This past week, I have been touring around Tennessee. On Tuesday, I spoke at Uplands Village in Pleasant Hill, and was joined by my friend Kort Nygard, psychologist and Eden Educator.
As usual, Kort was a mine of valuable perspectives on aging. Then Kort and I joined a team
of people to present two sessions for the Southeast Advocacy Center for Elder Rights, in
Chattanooga and Nashville.
In exploring ageist attitudes, Kort brought up two interesting and provocative points about
surplus safety. The first involved an intriguing link between safety and meaning. Kort told of a workman who became progressively disabled over the years and ended up in a local nursing home. One day, he told Kort he felt useless and needed something meaningful to do. Kort asked the man if he might be interested in helping fold laundry for the home. The man replied, “No, I don’t want ‘busy work’”. Kort asked him what would be meaningful, and the man replied, “I want something to do that, if I do it wrong, something bad will happen.”
Now that may make administrators and regulators tremble alike, but it occurred to me that much activity that is truly meaningful to us has important outcomes at stake and a need for accountability. How can we begin to use a little “risk arbitrage” to create meaningful, important work for our frail elders?
Kort also mentioned a woman whose mother lived all alone “way up in the holler” outside Nashville. She worried about her mother’s welfare and called her more than once a day to check on her. One day, her mother didn’t pick up the phone, and a trip to the house found her on the floor, needing help to get back to her feet. The woman told Kort she thought it was time for her mother to move to a nursing home, in order to be safe.
Kort’s response? “You know, I spend a lot of my time visiting people who live in nursing homes. Many, if not most, are very unhappy to be there, and wish they were home. Your mother may have some risk at home, but ‘safety’ and ‘quality of life’ are often on opposite sides of a teeter-totter.
“Right now, you are placing your own peace of mind above your mother’s quality of life. It’s true that something bad could happen at home, and that she might even live longer in a nursing home. But it’s also possible she will hate every extra day of life she gains.”
Tough choices indeed.
Tough choices for sure. If she falls and breaks a hip she’ll likely end up in Nursing Home anyway.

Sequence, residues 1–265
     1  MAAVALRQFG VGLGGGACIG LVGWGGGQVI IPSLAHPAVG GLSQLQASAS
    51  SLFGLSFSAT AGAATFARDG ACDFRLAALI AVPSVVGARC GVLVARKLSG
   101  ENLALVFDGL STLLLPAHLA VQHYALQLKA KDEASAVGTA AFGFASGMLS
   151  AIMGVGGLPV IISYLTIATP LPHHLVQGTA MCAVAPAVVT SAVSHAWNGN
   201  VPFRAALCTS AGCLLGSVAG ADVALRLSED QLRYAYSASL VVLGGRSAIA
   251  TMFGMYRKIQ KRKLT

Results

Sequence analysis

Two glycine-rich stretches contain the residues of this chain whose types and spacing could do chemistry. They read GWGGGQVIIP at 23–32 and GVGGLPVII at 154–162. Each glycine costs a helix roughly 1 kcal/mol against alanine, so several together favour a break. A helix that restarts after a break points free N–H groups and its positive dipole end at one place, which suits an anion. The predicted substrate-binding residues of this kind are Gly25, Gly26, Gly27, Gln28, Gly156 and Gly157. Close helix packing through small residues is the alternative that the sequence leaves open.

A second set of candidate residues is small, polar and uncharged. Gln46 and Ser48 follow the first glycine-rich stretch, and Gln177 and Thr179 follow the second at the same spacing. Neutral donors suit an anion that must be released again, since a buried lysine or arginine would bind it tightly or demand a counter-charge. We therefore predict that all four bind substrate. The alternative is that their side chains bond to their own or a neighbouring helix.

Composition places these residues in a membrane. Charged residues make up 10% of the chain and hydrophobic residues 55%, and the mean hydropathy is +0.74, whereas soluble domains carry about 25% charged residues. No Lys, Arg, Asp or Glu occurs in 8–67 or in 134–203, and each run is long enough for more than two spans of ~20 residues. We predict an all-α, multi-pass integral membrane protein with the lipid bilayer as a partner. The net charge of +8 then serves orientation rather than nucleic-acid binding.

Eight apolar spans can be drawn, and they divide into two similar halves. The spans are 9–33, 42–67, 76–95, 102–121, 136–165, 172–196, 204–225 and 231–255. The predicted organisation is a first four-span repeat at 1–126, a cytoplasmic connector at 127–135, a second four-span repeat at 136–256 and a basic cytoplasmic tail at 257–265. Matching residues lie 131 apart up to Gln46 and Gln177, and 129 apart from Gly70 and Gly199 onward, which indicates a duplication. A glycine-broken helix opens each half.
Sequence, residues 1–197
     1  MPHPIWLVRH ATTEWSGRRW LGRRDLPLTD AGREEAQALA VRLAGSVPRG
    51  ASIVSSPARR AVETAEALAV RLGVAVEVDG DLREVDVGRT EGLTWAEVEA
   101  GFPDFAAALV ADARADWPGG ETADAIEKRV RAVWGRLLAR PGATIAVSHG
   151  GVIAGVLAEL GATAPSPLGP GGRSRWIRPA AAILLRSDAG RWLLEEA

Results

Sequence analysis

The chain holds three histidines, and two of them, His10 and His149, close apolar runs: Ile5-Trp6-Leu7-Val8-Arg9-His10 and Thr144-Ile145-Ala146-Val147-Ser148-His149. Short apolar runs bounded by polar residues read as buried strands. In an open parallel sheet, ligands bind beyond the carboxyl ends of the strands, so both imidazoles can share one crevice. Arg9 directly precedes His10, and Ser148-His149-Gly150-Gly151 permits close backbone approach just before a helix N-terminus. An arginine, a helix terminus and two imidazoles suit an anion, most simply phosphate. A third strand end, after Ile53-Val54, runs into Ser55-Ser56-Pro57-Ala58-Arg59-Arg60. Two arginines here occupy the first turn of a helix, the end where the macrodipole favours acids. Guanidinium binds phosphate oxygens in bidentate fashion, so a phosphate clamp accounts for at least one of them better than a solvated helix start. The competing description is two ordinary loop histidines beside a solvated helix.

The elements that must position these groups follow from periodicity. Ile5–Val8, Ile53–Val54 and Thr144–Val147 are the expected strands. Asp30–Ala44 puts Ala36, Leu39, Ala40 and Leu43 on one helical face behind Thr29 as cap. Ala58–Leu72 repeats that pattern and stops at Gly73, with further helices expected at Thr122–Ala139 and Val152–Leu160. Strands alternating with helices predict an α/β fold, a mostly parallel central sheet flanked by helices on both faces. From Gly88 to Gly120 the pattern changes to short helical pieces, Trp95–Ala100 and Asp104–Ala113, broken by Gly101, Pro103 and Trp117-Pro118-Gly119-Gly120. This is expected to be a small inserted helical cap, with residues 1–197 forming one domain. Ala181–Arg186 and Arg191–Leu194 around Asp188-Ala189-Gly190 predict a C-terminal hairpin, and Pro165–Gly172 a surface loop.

I say stay home as long as you can. And yes, I’ve seen the concept of “safety” go way overboard..
I think Nursing Homes can actually be great choices if the person is living alone AND lonely. I heard one NH resident say to her family,”Gee, I’ve got to get back by 7oclock. Thats when we “girls” meet in the living room to watch “Murder She Wrote” while we have snack.
It depends so much on the person’s personality; have they always been the social type; or are they a bit of a loner.. etc.
It’s very individual I guess.
Me? If I ever have to be in a Nursing Home and they try to get me to play Bingo…they’re gonna have “behavioral problem” on their hands. 😉
Darlene June Costner says
We all want to stay in our own home. The daughter should investigate ways that her mother can do so.
I fell and broke my hip and know my balance is not good. Because I do not want to leave my home I invested in a medical alert system, have 3 telephones, use a walker or a cane if I am feeling unsteady, . I am aware of the danger of falling so I watch every step that I take and do not take unnecessary risks.
My family live in another state and my neighbors would not hear me if I cried out, yet I feel perfectly safe in my home with the steps I have taken to minimize the danger.
Karen Overturf says
Absolutely right on! The idea of residents being able to manage their own risk is past due. They have to come up against risks the staff is not willing to take, even if the resident has done something the same way for years with no poor outcome. Managed risk is allowed in Assisted Living. Why should all risk be banished in skilled care? Are we really protecting society from these people who might make such mistakes?